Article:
While I challenge the idea that it is necessary to know how many same-sex couples, married or otherwise, there are in the country, it makes absolutely no sense to count the number of single individuals who identify as gay. Certainly, if LGBT are “erased” by not being specifically identified, so are straight or cis people who also lack an opportunity to express their sexual orientation or gender identity.

I find it strange that a movement that has dedicated itself to the concept of “equality” for so many years is advocating for segregation on what should be a very simple count of the American population. I am a gay married man, but when filling out forms I simply select “married.” For years I selected “single” as well.

There is no reason to include the fact that I am gay, or my spouse is a man. Under legal or social equality, it shouldn’t matter anymore than I am Jewish, and he is Atheist. It seems ridiculous that I have to designate that I am in a same-sex marriage and directly implies my marriage must be different than an opposite-sex marriage, otherwise no distinction would be needed.

The core of this concern, in my view, revolves around the reality that the LGBT Left has constructed its entire system of civil rights and validation on the foundation of ever-changing political sands. By their insistence on referring absolutely every aspect of LGBT life to a governmental authority, they have made themselves vulnerable to the whims of a temperamental government. For them, the smallest change in political balance threatens everything they have worked so hard to put into place. Do they really want to be counted by a government they firmly believe wishes to intentionally deny them their civil rights?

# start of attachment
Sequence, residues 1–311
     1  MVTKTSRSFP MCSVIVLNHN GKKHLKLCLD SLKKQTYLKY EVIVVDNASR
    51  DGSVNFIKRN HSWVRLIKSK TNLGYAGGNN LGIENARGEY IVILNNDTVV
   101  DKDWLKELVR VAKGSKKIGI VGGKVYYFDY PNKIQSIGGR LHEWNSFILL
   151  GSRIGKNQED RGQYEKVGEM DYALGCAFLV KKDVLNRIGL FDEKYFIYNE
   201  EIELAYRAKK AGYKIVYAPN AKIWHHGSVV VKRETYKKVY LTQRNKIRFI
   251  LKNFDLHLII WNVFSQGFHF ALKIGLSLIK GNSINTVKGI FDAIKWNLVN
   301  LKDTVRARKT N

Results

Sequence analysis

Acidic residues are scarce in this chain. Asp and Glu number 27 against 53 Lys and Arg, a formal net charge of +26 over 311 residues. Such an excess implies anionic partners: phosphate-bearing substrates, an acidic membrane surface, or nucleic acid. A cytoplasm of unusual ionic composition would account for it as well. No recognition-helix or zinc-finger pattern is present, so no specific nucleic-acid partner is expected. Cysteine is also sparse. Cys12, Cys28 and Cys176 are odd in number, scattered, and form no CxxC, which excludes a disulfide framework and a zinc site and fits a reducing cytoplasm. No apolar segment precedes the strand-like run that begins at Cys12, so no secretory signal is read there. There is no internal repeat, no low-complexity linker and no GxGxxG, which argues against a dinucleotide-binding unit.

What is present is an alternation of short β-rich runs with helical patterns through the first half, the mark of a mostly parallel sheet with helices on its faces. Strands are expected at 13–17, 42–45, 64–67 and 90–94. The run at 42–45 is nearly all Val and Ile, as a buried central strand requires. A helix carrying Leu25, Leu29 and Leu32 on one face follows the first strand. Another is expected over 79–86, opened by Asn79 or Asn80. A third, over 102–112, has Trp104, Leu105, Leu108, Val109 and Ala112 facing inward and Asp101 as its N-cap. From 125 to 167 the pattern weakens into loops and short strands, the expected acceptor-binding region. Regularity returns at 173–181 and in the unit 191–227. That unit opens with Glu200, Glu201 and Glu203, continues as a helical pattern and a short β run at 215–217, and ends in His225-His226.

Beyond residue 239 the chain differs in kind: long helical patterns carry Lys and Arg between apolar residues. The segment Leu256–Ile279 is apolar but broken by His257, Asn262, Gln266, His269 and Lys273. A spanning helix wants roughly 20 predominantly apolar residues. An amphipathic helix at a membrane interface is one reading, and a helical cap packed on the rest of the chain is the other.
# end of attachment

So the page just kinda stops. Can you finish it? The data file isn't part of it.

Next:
A primary reason I oppose much of the political agenda of the LGBT Left is due to the fact I do not want my rights and freedoms determined by the federal government, of which I have very little influence. The federal government can impose sweeping benefits, regulations and protections and can repeal them just as easily. I, as a citizen, am much better off focusing my political efforts on my local and state governments which move more slowly and can be more easily manipulated by public voice.

This illustrates a major flaw in LGBT thinking, in which rights, protections and benefits are defined separately from the majority population in the first place. As is well-known, identifying as a homosexual male in no way impacts my ability to own a firearm or property, vote, travel freely between states or practice my religion. But every time I am segregated out by a specific legal or government standard defining me as different from the majority population, I risk exposure to political vindictiveness. By their very efforts at ensuring equality, they put in practice a system that makes me, as an individual, vulnerable to inequality.

It must be clearly stated that if LGBT Americans are to ever be included in the general population they must cease all efforts at legally and socially segregating themselves from that population. Regardless of the belief in a specialized need for resources, funding or other intangible government benefits, our individuality matters more than our category.

The notion that the government must count you as to ensure you are taken care of by them should be profoundly disturbing to anyone who values liberty and freedom. It seems the LGBT Left prefers the illusion of security instead. If it is up to me, I prefer to be counted as a citizen. It seems to me that this should be the goal of anyone promoting the idea of equality.